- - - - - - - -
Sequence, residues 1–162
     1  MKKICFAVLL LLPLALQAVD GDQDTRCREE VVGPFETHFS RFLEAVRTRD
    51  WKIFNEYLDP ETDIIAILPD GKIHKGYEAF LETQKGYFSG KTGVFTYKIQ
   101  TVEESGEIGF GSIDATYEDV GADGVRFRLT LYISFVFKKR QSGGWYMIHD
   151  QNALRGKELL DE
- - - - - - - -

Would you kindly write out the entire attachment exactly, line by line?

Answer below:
Sequence, residues 1–162
     1  MKKICFAVLL LLPLALQAVD GDQDTRCREE VVGPFETHFS RFLEAVRTRD
    51  WKIFNEYLDP ETDIIAILPD GKIHKGYEAF LETQKGYFSG KTGVFTYKIQ
   101  TVEESGEIGF GSIDATYEDV GADGVRFRLT LYISFVFKKR QSGGWYMIHD
   151  QNALRGKELL DE